Jay Clayton Confirmed as SEC Chairman

A new era at the SEC officially began last week when Jay Clayton was sworn in as the 32nd Chairman of the SEC. The Senate’s confirmation of Mr. Clayton on May 2nd by a 61 to 37 vote continued the Trump Administration’s practice of tapping well-known Wall Street professionals to serve in key government positions.

In this case, Mr. Clayton was a partner in the New York office of Sullivan & Cromwell, where according to the SEC’s news release he advised companies on “securities offerings, mergers and acquisitions, corporate governance and regulatory and enforcement proceedings.” These companies notably included Goldman Sachs, which has been a recurring theme with President Trump’s appointees. While his former ties will, no doubt, prevent Mr. Clayton from participating in SEC matters directly related to Goldman Sachs, his Wall Street background could well influence his perspective regarding the SEC’s future regulatory agenda.

That agenda is expected to shift toward re-analyzing the regulations implemented as a result of Dodd-Frank while Congress seeks to roll back many of that act’s statutory imperatives. For example, a bill currently making its way through the House, known as the Financial Choice Act, would among other things and according to its executive summary:

  • Provide an “off-ramp” from the post-Dodd-Frank supervisory regime and Basel III capital and liquidity standards for banking organizations that maintain high levels of capital, including easing restrictions on their ability to pay dividends and the maintenance of leverage ratios,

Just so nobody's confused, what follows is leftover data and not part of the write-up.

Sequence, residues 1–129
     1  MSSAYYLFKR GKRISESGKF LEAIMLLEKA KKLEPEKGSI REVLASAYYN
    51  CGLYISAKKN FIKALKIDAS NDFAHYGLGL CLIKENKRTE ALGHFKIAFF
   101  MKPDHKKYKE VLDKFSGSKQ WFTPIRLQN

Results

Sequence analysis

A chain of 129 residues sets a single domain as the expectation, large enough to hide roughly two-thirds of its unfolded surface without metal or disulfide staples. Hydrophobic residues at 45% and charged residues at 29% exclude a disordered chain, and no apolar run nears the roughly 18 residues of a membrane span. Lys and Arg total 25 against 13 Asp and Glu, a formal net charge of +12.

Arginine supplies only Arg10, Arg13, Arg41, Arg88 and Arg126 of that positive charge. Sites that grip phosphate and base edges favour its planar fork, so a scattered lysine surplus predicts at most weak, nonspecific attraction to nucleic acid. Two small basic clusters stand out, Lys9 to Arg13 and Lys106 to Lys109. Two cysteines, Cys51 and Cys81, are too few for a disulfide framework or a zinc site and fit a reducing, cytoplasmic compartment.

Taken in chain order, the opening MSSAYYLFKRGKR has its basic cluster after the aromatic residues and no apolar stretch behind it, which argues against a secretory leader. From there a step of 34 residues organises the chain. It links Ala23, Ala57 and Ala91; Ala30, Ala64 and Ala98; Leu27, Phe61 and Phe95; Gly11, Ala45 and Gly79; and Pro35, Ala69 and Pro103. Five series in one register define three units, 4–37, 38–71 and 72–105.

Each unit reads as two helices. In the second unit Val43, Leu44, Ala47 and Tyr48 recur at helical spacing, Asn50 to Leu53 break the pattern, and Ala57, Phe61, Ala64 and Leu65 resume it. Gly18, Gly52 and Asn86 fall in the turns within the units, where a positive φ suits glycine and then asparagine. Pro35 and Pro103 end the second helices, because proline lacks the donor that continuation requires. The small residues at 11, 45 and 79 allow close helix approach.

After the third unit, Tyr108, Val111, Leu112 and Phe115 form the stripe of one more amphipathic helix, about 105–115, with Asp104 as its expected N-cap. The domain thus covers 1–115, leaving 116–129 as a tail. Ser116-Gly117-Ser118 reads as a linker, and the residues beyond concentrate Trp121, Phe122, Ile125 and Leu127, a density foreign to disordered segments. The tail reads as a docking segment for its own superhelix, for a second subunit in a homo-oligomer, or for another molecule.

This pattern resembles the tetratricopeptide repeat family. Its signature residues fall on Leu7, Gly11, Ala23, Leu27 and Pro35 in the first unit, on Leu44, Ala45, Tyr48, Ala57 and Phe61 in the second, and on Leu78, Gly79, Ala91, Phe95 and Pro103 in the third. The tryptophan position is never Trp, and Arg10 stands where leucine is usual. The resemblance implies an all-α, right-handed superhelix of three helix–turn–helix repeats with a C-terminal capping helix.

• Repeal the designation of firms as “systematically important financial institutions” and modify the bankruptcy code to accommodate the failure of large, complex financial institutions, thereby eliminating Dodd-Frank’s “orderly liquidation authority,”
  • Repeal the Consumer Financial Protection Bureau’s authority to ban bank products or services that it deems “abusive” and to prohibit arbitration,
  • Impose enhanced penalties for financial fraud and self-dealing, promote greater transparency and accountability in the civil enforcement process and increase the maximum criminal fines for individuals and firms that engage in insider trading and other corrupt practices,
  • Repeal sections of Dodd-Frank, including the Volcker Rule, that limit capital formation,
  • Repeal the SEC’s authority to eliminate or restrict securities arbitration,
  • Permit all companies to communicate confidentially with the SEC pre-IPO, and
  • Prohibit regulation by the SEC of proxy access.

Of course, the Financial Choice Act will go through multiple revisions and may never actually become law, but it provides insight into the types of issues Congress is currently considering.

Given the current political climate, one might also expect the scope of the SEC’s fresh perspective to eventually reach all the way back to the Sarbanes-Oxley Act. For example, it would not be surprising to see reconsideration of requirements related to internal controls over financial reporting, particularly those involving the costly burden of auditor assessments.

One might also expect this to be the last year for mandatory reporting regarding conflict minerals. Although many (most? nearly all?) companies won’t be sorry to see it go, expect some companies to continue to provide voluntary conflict minerals disclosure when they publicly discuss corporate responsibility, sustainability or governance generally. Many stakeholders will continue to deem this to be an important issue, even if disclosures become no longer mandatory. (See this Doug’s Note.)

So while the Trump Administration is clearly emphasizing “deregulation,” implementing that theme will likely produce a spate of new or amended regulations over the coming years as the SEC recalibrates to match its perception of a more business-friendly and capital markets-friendly environment. Stay tuned.

All the best,

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